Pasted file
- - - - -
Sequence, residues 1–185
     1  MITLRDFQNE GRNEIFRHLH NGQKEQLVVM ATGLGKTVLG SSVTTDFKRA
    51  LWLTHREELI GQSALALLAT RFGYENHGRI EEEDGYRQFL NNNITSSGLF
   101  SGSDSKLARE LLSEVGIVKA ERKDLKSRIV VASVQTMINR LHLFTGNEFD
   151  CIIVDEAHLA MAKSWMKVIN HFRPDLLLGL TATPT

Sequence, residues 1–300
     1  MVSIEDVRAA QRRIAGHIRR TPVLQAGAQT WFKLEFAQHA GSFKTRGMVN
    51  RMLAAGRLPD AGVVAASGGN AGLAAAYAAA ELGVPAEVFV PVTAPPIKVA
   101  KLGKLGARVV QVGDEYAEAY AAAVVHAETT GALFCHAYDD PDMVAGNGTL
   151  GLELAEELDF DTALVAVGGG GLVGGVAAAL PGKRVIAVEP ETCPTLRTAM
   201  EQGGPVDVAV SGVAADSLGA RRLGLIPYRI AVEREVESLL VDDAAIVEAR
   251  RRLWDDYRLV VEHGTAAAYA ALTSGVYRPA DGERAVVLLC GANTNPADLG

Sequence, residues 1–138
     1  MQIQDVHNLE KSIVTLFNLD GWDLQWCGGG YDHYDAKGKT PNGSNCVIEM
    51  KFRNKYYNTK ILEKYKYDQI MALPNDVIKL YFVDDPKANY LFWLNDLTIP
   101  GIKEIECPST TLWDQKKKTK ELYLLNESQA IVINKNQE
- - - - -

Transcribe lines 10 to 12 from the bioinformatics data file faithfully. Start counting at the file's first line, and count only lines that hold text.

   151  GLELAEELDF DTALVAVGGG GLVGGVAAAL PGKRVIAVEP ETCPTLRTAM
   201  EQGGPVDVAV SGVAADSLGA RRLGLIPYRI AVEREVESLL VDDAAIVEAR
   251  RRLWDDYRLV VEHGTAAAYA ALTSGVYRPA DGERAVVLLC GANTNPADLG